- Fabrication of the Ceramic Inlays: Finally, we will use 3-D computer-aided manufacturing (CAM) milling machine which will carve out the inlay from a ceramic or zirconia block. The lab technician will then hand-finish it to ensure the inlay is the same shape and colour as your natural teeth. Your dentist will then insert the prepared inlay into the prepared tooth cavity, just like a filling, and bond it to the tooth with an adhesive cement.
Why do we use the CEREC system for preparing ceramic inlays?
You might now be wondering why we prefer digital inlays over conventional ones. So, here are a few reasons why CEREC inlays are better than direct fillings:
- Exceptional Precision and Fit : The CEREC inlays are prepared by using state-of-the-art CAD/CAM. Therefore, unlike direct fillings and conventional inlays that are prepared in the laboratory, the CEREC inlays are prepared under highly controlled precision2. As a result, they will perfectly fit the prepared teeth thus diminishing chances of development of secondary decay.
- Durability: The CEREC inlays are prepared from very high-quality ceramics. Therefore, they are quite strong and durable, even more than the tooth coloured composite fillings and conventional inlays. With proper care, you can expect these ceramic fillings to last for more than ten years3.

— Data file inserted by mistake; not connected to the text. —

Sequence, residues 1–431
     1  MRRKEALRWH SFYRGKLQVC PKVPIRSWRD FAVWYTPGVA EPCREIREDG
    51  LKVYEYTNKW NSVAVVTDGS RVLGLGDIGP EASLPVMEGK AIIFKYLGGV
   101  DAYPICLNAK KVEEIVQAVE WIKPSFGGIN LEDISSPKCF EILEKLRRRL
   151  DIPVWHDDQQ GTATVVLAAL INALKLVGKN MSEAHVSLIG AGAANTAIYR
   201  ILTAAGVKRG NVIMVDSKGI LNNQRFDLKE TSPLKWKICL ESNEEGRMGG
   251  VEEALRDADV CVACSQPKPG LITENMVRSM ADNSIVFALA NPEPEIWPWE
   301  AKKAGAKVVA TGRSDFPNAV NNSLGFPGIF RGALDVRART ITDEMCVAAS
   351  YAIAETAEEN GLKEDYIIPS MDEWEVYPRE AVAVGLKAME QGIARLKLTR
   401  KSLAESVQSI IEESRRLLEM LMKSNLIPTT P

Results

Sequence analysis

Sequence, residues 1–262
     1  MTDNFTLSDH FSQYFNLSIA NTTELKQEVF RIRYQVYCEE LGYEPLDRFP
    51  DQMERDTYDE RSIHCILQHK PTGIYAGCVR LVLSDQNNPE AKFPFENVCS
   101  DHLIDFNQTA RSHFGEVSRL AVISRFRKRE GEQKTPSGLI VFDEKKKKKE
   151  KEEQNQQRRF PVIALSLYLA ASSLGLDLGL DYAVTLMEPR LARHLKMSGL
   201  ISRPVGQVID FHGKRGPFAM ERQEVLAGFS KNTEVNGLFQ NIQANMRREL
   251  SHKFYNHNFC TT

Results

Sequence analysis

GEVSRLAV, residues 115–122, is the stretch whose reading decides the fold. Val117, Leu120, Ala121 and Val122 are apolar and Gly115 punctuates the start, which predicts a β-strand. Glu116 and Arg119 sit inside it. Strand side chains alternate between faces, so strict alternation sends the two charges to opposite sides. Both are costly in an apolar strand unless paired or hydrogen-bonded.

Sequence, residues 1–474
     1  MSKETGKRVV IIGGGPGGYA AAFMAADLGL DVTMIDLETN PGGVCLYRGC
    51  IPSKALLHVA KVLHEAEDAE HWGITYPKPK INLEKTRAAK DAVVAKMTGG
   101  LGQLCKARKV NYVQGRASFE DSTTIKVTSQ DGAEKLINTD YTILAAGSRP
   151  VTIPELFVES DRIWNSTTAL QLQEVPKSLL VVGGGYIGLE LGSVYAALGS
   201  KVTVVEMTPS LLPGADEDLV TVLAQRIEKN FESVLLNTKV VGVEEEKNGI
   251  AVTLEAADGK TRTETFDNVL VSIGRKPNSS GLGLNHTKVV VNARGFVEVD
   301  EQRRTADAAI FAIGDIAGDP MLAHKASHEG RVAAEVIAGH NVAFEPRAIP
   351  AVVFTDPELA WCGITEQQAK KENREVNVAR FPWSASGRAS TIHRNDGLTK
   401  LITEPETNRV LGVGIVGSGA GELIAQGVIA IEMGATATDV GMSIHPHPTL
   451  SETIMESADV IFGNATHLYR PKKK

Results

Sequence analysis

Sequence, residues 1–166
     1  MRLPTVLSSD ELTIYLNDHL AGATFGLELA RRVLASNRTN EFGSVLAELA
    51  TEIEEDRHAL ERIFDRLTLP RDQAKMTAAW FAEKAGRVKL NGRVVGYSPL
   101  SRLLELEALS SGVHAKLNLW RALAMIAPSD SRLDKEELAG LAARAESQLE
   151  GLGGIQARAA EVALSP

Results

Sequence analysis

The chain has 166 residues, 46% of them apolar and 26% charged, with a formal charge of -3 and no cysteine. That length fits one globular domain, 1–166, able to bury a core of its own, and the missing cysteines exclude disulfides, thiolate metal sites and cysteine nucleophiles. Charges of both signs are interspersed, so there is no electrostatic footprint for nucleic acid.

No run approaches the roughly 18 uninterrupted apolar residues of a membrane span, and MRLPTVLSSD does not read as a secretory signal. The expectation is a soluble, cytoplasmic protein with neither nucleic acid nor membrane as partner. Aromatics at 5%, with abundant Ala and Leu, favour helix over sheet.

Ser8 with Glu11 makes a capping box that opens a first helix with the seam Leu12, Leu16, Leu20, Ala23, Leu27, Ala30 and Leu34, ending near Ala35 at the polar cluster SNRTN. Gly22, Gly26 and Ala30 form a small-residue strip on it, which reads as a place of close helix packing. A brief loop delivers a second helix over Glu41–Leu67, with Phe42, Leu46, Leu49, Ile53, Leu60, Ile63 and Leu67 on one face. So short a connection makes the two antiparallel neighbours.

- Lifelike Aesthetics: With CEREC system, we can tailor-make each aspect of your inlays including their shape, thickness and colour. Therefore, when we restore your damaged tooth with a ceramic filling made with the CEREC system, it will be virtually indistinguishable from your teeth.
- Tooth Conservation: Conventional inlays and amalgam restoration often require sacrificing healthy tooth structure. However, thanks to the CEREC system, we only need to remove the tooth structure which is damaged. Therefore, there is enough tooth structure remaining to prevent tooth fracture4.